Edmonton councillor wants sidewalk-clearing policy that’s quicker than waiting for ice to melt

Click to play video: 'After flood of complaints, Edmonton crews scrape residential streets' After flood of complaints, Edmonton crews scrape residential streets
Dec. 18, 2018: Nearly 800 warnings for slippery sidewalks and 137 tickets were issued in the first half of December. Meanwhile, Edmonton crews are tackling residential roads. Kendra Slugoski explains – Dec 18, 2018

There is one surefire way to get rid of ice and snow from sidewalks that are seemingly covered all winter long: wait for it to melt. Based on steady complaints to Councillor Andrew Knack’s office, he can’t wait that long.

Knack launched an inquiry at Tuesday’s city council meeting that is intended to make sure the main sidewalks in any neighborhood are done quickly, and that if someone calls to complain, the enforcement by city bylaw staff is done right away.

Knack told reporters he’s not looking for the city to come in with shovels and plows to handle the job itself, although his inquiry asks if that could be a solution on main roads that criss-cross neighborhoods. His frustration stems from a few properties that are barely touched all winter.

“Is fining them the right tool to actually get to where we want or do we need to look at: how does the city consider taking responsibility for some of those high-priority locations.”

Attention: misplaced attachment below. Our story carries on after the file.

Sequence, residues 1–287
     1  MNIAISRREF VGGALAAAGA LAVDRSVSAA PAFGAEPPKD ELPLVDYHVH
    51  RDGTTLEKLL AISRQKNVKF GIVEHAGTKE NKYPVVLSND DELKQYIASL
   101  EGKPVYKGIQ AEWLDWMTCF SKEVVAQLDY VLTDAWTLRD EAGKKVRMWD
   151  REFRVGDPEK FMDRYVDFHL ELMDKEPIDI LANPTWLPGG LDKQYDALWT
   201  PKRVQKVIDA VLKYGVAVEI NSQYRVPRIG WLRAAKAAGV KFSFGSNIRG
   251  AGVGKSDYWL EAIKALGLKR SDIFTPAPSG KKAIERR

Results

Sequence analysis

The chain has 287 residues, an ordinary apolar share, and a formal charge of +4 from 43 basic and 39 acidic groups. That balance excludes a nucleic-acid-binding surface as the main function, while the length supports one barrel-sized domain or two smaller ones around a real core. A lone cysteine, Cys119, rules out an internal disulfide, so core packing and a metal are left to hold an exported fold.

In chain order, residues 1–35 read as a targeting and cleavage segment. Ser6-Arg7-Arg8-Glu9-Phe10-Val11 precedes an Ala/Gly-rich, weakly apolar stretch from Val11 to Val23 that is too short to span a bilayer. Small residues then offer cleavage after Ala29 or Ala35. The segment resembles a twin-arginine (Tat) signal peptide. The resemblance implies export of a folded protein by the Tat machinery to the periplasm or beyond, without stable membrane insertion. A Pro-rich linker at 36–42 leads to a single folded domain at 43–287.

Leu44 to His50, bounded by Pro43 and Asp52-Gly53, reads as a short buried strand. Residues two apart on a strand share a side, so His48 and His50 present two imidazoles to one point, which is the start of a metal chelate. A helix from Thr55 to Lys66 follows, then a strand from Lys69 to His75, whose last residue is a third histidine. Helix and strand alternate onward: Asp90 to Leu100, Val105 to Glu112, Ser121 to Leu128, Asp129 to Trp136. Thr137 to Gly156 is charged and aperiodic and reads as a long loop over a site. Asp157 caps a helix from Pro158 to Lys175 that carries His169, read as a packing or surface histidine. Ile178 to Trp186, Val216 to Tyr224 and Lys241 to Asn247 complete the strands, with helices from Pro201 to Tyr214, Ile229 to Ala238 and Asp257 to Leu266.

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READ MORE: Edmonton clarifies snow policy: how quickly must sidewalks be cleared?

Knack’s main concern is those who can’t force their way through with walkers, wheelchairs, or strollers trying to do day-to-day activities like get to the neighborhood grocery store, or bank, or run any other kinds of errands.

“Trying to navigate some of those sidewalks that aren’t being cleared properly is a serious issue and ideally you should be able to call 311 and see that resolved quickly. That’s not happening all the time.”

It can take weeks for a complaint to be handled and Knack said it doesn’t have to be that way.

“What would be great — and the technology exists — is that they should be able to take a smart phone, take a picture of the infraction, enter in the address and have a notice immediately sent. (It would) allow them to keep going in responding to complaints instead of having to go back and fill out paperwork at an office.”

READ MORE: Sidewalk clearing complaints down in Edmonton; Garneau top ticketed neighbourhood

He points out that the same can apply to weed-infested green spaces in the summer, making sure the property owner cuts them down on a regular basis.

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Knack will get feedback on his inquiry in June. He’s trying to time it to coincide with a regular report city council is going to get on Edmonton’s snow and ice clearing policy.

“Because we’re doing that now this seems like the perfect time to also be talking about how we’re dealing with enforcement.”

Councillor Aaron Paquette also has an inquiry that deals specifically with 311 calls and how staff has measured snow and ice complaints.

A review of the snow and ice policy is due later this summer, so any changes council wants to make can be in place by the fall in time for the next time the snow flies, and doesn’t melt.

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